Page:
Understanding Apache Maven (Part 2): POM Hierarchy and Effective POMSeptember 03, 2021
Following on from the first article on Maven basics, the Project Object Model (POM) is explored, below.
What is the Project Object Model?
First, a maven POM is not a popular pomegranate juice nor is it related to the colorful pom-poms. A Maven POM is definitely is wonderful and brings as much joy to a developer as does a pom-pom to a kid.
A POM describes build management needs of a project:
- project coordinates – uniquely identifiable set of properties by which the project artifacts can be consumed elsewhere.
- dependencies – libraries and code needed to execute the project build management
- plugins – helper tools that execute build and build management aspects
- properties – common and extracted values used in the project
- inheritance details – the ability to create a hierarchy of re-usable POM components
- profiles – alternate execution pathways that can be activated on a per-execution basis
- . . .
How does Maven interact with a POM?
Maven utilizes content in the POM for its build management. However, maven also has convention-based defaults. Maven thus has the onus of amalgamating defaults and applying overrides and additions discovered in the project’s pom file (typically a
This amalgamation of defaults and applying overrides and additions results in an effective POM.
What is an effective POM?
An effective POM is:
- an assembly of execution steps, properties and profiles
- the content that maven can execute for the project
- an exhaustive set of dependencies and plugins needed for such an execution
- determination of any transitive dependencies (dependencies of dependencies, full depth imaginable)
- any conflict resolution in terms of dependency versions
How does Maven assemble the effective POM?
Maven assembles its effective POM by traversing the layers that act as building blocks. Each layer used has the ability to override or enrich the content of what will become an effective POM. Maven internal defaults and the super POM are built-in to the maven installation, so ideally not subject to customization. The layers below, the global settings and user settings are, as their name suggests, inclined towards hosting and overriding any settings for maven. The parent, bill-of-material and project POM files are where maven instructions can be customized. Default values from above layers are utilized if no customization is made.
The layers explained
Going through the layers:
Maven Internal Defaults
This layer is within the maven’s own code. Unless the intent is to modify maven’s source code, it is safe to assume that these defaults are not modifiable.
Location: Internal to the maven installation.
Maven Super POM
This Super POM exists in the maven’s own code. Once again, unless the intent is to modify maven’s own source code, it is same to assume that the Super POM is not modifiable.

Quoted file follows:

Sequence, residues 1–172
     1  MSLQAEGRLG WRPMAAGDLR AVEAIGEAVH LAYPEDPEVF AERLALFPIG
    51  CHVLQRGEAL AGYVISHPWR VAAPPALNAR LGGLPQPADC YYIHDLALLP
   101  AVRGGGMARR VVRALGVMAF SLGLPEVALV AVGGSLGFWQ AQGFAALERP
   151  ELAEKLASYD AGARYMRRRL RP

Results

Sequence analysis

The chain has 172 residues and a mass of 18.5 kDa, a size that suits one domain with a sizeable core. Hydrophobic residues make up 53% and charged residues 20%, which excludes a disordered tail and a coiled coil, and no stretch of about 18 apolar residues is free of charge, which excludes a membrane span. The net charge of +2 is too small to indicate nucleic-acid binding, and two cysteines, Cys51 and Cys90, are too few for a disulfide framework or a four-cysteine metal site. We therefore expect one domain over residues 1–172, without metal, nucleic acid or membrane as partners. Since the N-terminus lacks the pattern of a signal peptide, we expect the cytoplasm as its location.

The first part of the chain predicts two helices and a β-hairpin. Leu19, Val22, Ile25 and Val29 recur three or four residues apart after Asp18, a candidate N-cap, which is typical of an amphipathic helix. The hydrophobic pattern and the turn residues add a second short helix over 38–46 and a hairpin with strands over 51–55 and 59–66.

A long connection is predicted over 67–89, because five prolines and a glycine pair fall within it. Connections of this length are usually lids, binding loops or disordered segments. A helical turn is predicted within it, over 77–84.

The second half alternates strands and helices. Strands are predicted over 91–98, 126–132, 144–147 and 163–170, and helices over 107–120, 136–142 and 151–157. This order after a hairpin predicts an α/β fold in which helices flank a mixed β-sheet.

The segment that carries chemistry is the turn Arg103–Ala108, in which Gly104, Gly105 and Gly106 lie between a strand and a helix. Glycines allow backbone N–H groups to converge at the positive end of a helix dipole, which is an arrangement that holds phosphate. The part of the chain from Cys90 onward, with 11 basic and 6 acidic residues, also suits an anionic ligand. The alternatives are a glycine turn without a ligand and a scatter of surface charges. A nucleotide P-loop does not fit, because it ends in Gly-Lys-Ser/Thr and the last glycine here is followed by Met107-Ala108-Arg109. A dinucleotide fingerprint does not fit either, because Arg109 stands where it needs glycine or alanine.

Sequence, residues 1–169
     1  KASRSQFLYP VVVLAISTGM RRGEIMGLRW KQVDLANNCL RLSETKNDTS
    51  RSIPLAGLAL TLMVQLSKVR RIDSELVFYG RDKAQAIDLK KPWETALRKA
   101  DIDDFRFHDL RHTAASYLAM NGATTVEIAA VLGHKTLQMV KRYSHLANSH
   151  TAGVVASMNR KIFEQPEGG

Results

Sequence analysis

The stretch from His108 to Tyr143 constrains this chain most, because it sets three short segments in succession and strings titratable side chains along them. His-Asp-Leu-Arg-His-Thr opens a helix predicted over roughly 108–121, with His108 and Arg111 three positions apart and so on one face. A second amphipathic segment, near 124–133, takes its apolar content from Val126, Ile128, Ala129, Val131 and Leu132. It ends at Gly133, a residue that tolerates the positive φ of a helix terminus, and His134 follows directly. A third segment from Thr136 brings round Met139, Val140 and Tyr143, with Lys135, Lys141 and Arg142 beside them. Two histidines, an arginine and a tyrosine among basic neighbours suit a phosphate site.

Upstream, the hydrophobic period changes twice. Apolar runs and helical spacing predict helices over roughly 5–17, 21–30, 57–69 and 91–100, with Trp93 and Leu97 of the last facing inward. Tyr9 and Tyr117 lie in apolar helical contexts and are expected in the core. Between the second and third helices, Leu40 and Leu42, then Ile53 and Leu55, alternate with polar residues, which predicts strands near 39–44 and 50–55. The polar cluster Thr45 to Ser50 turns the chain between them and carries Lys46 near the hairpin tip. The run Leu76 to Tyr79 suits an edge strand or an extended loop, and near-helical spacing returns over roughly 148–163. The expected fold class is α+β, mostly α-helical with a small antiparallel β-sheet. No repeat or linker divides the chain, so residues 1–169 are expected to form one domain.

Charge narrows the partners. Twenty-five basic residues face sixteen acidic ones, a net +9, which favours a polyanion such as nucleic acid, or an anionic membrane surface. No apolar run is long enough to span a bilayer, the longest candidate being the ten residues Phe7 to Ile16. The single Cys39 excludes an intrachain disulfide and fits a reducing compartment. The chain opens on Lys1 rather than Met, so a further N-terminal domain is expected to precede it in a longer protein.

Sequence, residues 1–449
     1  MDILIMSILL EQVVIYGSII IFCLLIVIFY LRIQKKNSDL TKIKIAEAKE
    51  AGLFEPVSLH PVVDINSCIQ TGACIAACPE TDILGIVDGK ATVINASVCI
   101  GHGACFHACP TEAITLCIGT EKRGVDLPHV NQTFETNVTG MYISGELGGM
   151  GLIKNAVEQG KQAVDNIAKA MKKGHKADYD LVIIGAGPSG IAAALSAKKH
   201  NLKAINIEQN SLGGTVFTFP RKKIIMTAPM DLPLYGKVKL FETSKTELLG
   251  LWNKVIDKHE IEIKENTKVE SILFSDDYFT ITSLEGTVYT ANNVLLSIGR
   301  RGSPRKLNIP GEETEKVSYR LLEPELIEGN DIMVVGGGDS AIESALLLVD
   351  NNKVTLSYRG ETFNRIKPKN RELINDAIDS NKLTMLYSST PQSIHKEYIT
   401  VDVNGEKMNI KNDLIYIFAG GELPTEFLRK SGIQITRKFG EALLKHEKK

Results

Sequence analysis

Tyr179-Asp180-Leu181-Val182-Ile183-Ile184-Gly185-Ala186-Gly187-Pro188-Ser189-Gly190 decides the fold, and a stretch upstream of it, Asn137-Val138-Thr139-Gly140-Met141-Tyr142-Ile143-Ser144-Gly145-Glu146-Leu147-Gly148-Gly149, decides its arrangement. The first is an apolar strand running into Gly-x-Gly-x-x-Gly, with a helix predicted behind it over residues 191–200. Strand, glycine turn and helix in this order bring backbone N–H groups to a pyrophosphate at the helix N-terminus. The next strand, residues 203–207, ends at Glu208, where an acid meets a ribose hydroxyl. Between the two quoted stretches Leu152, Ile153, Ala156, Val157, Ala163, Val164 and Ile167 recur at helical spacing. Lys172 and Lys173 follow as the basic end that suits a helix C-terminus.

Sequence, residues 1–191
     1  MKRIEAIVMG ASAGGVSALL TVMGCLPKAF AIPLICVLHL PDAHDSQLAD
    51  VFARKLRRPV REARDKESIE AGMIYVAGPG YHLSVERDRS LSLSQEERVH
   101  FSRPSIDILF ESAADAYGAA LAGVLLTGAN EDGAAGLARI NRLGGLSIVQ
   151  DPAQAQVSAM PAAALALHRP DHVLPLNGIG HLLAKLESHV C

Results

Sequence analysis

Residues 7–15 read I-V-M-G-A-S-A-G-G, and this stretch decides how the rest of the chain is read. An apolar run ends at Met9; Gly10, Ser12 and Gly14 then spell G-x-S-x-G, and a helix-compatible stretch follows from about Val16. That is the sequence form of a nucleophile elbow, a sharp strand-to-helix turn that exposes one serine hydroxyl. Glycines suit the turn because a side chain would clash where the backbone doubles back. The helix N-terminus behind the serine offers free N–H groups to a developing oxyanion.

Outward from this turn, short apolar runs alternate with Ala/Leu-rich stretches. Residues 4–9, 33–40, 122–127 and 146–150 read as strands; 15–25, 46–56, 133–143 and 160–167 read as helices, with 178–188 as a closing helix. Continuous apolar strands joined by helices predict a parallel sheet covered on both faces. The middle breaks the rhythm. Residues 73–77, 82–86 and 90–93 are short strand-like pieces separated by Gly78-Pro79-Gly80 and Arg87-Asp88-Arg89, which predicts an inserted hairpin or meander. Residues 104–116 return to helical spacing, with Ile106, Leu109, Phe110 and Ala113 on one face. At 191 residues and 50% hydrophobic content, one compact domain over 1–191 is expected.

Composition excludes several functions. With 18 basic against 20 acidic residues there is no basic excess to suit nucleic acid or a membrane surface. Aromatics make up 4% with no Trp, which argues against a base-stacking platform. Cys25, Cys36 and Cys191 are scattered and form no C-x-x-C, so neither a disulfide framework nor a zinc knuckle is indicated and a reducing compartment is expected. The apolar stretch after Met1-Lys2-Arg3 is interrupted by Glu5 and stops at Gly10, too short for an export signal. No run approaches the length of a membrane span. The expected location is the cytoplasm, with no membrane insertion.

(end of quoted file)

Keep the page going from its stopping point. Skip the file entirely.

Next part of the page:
Location: Internal to the maven installation
Maven Global Settings
Once Maven is installed/unarchived on a computing device, it creates a directory structure. One of the base directories, (right below the maven directory) is
conf. This directory contains a
settings.xml referred to as a global settings file. Since this file exists on the local computing device, it is editable. Typically, any settings that apply to all projects being managed on the computing device are managed in this global
settings.xml. Examples may include proxy settings, corporate server URLs, mirrors etc. It should not often be modified, in any case.
Unix/MacOS: <maven installation>/conf/settings.xml
Windows: <maven installation\conf\settings.xml
Maven User Settings
Similar to the global settings, but at a different location, it is possible to create a user settings file. This file is also named
settings.xml but its location is under the user home in an
.m2 directory. The purpose of the user
settings.xml is to setup any settings that apply to projects managed by the specific user (there could be multiple users on a given computing device). Examples include usernames and passwords to connect to the network, repository ordering etc.
Parent / Bill-of-Material POMs
Maven has an inheritance and version-trait model. Maven can inherit content from a parent pom and version-traits from a bill-of-materials pom. Typically parent POMs contain re-usable dependencies, plugins and properties used by a project POM. The Bill-of-Material (BOM) POM is a specialized POM that allows to group together dependency versions of dependencies that are known to be valid and tested to work together. Using a BOM POM reduces the developer grief from having to test compatibility of different dependencies. Modification of either is possible if there is a need and the entitlement to change. Since changes to either can impact several other projects, appropriate version increments and reviews are recommended for changes.
Location: Various locations, either on device or elsewhere in some repository.
This is the Project Object Model for the project. Project specific maven instructions are detailed in this location. Typical contents include: a unique set of coordinates used to identify the project, name and description of the project, a set of developers associated with the project, any source control management details specific to the project, all project-specific dependencies and plugins, any profiles that allow for alternate executions of maven on this project and so on. All these will be covered in a blog in this series. The file containing this POM is, by convention, named pom.xml, but other names can be used. If an alternate name is used, then the maven executable will need to be pointed to the the filename for execution.
The next article will cover POM hierarchies. Have fun!